Instant enlightenment or gradual?

Nov 23, 2020

QUESTION

Dear Venerable Robina,

Just a short note to say thank you very much for a most interesting and enlightening weekend retreat. I always enjoy your forthright approach to your teachings and would love to know where you obtain your incredible energy. 

You are very good and patient in explaining what are some quite complex concepts. Unfortunately sometimes my concentration slips and/or I have trouble in comprehending some of the fundamental principles. Clearly I need to hone my single-pointed meditation technique to develop better concentration and spend more time reading the most useful notes you provided.

I have one question. Another one of my gurus is a Zen philosopher, Alan Watts, who died in the early ’70s (not sure if I can call him a guru if he is no longer alive?). I have read a few of his books and listened to many of his podcasts. He has indicated that some Zen Buddhists can experience “satori” – instant enlightenment – at any time. Whereas the lineage of Buddhism you teach, if I am correct, appears to suggest “enlightenment” can only come about after many years or even lifetimes of study and devotion. The Zen path therefore appears, to use one of your very apt expressions, “pretty tasty.”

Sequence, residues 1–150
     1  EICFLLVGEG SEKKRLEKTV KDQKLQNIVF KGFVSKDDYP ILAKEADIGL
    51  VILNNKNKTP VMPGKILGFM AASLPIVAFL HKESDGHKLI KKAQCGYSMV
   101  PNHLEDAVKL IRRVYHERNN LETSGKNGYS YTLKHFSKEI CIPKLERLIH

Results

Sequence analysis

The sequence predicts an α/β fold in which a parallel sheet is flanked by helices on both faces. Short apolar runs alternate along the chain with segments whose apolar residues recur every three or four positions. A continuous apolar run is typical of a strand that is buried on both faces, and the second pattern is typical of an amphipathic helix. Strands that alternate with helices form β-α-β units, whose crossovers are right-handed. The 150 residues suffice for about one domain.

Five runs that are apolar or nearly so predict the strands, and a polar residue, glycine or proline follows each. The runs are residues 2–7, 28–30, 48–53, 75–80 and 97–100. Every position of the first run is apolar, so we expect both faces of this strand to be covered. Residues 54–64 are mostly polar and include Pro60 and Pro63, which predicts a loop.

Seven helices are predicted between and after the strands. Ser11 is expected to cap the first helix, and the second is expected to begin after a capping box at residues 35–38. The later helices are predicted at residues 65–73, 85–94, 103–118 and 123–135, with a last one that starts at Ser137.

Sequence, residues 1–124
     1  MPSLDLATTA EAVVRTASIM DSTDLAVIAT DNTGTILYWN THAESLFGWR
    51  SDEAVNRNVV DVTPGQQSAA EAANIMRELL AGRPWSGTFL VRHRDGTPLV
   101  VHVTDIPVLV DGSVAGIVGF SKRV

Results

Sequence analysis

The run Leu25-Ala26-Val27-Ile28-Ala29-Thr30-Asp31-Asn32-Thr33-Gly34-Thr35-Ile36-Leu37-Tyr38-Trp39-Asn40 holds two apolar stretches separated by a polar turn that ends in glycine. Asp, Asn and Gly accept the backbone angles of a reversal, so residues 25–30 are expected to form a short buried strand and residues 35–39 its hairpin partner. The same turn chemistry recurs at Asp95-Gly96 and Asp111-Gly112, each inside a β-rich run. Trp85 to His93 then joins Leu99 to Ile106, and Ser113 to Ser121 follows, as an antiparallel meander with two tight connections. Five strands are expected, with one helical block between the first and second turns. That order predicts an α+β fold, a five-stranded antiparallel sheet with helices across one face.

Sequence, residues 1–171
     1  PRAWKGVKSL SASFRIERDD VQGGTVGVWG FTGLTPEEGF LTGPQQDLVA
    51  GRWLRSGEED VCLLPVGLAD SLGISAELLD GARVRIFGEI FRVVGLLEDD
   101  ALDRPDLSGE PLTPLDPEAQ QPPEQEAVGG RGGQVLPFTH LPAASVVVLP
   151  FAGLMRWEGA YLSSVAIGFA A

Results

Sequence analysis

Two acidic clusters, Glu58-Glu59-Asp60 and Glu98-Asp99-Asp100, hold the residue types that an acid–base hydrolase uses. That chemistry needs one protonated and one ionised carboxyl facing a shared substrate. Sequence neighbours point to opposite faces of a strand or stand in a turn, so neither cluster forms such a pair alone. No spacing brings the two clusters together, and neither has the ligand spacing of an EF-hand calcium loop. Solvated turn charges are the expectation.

To progress my own interest and path of learning, which path do you suggest I should focus upon – or does it really matter?

Thanks once again and you are very much in my thoughts and prayers.

J

ANSWER

Happy to hear from you, J. And glad to know the teachings were useful.

For sure, concentration is necessary, but so too is study — in any body of knowledge we need to learn the language. You can concentrate a much as you like as your cooking teacher tells you to use a teaspoon of this or a gram of that, but if you don’t know the meaning of those words, you can’t learn anything!

Yes, Alan Watts. Wonderful! I think we call anyone we’ve checked up on and whose teachings move our hearts our guru. It means “heavy with qualities” I’ve heard — we all need people like that!

I think whether we talk about instant enlightenment or gradual, my sense is it comes to the same thing. It will always be one particular moment in time when, let’s say, our understanding of emptiness becomes experiential. You can pin that moment down. So whether you think it was “instant” or that it’s the culmination of hard work, what’s the difference? I can’t see any.

As for which path you follow: you do what you think is most beneficial. 

So, dear J, keep moving! 

All the best,
Robina

QUESTION

Thanks Robina.

I really appreciate your reply. Long may you continue your teachings and in so doing help make this world a better place for all.

I will follow your progress with great interest.

Best wishes,
J

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